Background: Spontaneous preterm birth (SPB) is the leading cause of perinatal morbidity and mortality. In twins, the rate of preterm birth is higher than in singletons; interventions to prevent preterm birth are needed in this high-risk population.
Objective: We sought to test whether a cervical pessary reduces the preterm birth rate in twin pregnancies with sonographic short cervix.
Study design: A prospective, open-label, multicenter, randomized clinical trial was conducted in 5 hospitals in Spain. The ethics committees of all participating hospitals approved the protocol. The trial was registered as ClinicalTrials.gov, number NCT01242410. Eligible women were scanned in Spain. The primary outcome was SPB <34 weeks of gestation. Neonatal morbidity and mortality were also evaluated.
Results: Cervical length was measured in 2287 women; 137 pregnant women with a sonographic cervical length ≤25 mm (of 154 detected with a short cervix) were randomly assigned to receive a cervical pessary or expectant management (1:1 ratio). SPB <34 weeks of gestation was significantly less frequent in the pessary group than in the expectant management group (11/68 [16.2%] vs 26/66 [39.4%]; relative risk, 0.41; 95% confidence interval, 0.22-0.76). Pessary use was associated with a significant reduction in the rate of birthweight <2500 g (P = .01). No significant differences were observed in composite neonatal morbidity outcome (8/136 [5.9%] vs 12/130 [9.1%]; relative risk, 0.64; 95% confidence interval, 0.27-1.50) or neonatal mortality (none) between the groups. No serious adverse effects associated with the use of a cervical pessary were observed.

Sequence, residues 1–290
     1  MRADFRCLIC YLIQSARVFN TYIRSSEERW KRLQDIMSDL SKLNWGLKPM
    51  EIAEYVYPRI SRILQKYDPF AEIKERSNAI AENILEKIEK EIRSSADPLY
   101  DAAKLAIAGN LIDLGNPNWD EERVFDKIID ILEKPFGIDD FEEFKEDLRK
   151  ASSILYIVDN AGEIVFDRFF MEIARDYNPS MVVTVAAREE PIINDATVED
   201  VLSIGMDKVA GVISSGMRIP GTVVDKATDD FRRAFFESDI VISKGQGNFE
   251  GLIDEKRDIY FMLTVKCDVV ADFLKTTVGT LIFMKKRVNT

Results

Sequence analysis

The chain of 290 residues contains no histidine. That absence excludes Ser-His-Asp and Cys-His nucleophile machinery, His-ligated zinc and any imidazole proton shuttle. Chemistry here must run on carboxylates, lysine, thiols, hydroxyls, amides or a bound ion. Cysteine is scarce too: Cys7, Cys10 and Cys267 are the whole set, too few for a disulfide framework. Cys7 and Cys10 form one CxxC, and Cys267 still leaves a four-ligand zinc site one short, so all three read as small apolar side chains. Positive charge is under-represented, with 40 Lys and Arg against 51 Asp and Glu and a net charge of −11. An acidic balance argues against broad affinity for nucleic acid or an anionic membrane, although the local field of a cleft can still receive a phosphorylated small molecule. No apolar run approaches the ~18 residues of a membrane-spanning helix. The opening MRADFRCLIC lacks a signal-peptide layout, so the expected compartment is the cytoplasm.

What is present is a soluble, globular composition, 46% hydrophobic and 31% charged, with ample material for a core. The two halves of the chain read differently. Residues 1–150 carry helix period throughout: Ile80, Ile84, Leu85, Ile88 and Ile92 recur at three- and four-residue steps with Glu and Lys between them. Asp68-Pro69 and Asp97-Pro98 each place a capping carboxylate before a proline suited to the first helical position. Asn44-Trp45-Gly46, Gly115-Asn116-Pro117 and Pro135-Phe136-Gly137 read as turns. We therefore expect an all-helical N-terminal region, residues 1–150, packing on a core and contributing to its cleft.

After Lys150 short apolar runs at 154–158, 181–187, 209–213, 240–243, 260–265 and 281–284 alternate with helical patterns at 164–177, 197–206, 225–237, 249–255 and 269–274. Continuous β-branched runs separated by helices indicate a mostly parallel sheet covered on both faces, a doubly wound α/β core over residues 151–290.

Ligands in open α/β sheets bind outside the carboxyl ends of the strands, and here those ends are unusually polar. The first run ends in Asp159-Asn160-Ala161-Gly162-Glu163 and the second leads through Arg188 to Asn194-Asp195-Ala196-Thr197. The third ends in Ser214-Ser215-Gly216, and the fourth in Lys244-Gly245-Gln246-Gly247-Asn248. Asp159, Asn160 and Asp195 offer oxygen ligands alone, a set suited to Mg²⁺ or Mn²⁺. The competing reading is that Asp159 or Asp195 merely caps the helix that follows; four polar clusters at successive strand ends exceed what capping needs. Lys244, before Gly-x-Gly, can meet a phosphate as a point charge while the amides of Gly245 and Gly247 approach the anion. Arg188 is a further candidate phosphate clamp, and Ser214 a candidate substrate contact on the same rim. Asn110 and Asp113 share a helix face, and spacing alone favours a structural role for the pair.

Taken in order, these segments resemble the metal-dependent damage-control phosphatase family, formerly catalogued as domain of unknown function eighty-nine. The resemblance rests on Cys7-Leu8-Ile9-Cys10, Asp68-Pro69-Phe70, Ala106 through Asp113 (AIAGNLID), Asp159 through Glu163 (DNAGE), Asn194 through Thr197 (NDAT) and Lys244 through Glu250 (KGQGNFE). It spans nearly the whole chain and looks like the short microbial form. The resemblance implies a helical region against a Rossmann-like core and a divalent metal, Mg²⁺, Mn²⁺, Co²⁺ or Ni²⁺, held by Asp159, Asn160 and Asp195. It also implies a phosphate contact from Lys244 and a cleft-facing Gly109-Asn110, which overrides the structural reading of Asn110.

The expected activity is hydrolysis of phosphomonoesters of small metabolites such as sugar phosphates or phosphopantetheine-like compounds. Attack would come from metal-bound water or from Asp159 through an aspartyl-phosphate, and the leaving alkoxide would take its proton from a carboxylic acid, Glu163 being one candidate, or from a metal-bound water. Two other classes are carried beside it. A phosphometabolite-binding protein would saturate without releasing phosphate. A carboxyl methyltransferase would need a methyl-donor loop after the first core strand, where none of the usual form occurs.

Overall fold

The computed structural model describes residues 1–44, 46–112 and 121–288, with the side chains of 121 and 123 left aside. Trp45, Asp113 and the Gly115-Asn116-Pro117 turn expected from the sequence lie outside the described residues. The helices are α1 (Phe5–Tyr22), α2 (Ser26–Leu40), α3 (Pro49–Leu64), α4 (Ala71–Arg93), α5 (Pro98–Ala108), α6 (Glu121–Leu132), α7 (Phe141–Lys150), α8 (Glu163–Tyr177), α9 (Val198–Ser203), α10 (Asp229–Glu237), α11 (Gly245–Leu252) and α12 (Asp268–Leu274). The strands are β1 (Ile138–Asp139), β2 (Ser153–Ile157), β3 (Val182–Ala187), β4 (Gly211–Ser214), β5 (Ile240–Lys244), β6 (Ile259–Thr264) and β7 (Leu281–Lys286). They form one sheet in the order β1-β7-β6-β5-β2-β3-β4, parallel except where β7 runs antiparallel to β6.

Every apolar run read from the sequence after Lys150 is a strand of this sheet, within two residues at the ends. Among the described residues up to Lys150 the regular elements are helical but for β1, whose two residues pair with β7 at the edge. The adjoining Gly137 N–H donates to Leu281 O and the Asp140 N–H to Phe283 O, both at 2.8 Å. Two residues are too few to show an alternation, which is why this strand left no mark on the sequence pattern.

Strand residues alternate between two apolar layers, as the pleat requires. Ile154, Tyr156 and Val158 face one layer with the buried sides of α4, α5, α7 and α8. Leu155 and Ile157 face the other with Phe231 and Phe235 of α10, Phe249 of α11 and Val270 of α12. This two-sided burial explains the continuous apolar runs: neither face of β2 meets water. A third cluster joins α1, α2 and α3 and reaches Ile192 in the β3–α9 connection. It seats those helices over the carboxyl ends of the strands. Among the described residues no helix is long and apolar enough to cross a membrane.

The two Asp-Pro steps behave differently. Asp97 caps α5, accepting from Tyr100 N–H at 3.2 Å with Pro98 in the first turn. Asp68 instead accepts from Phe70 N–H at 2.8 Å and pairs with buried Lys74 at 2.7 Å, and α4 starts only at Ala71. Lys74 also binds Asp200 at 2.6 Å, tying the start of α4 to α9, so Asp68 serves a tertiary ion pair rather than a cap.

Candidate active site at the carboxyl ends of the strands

Conclusion: The insertion of a cervical pessary was associated with a significant reduction in the SPB rate. We propose the use of a cervical pessary for preventing preterm birth in twin pregnancies of mothers with a short cervix.
Keywords: cervical length; neonatal morbidity and mortality; prematurity; preterm birth; short cervix; twins.
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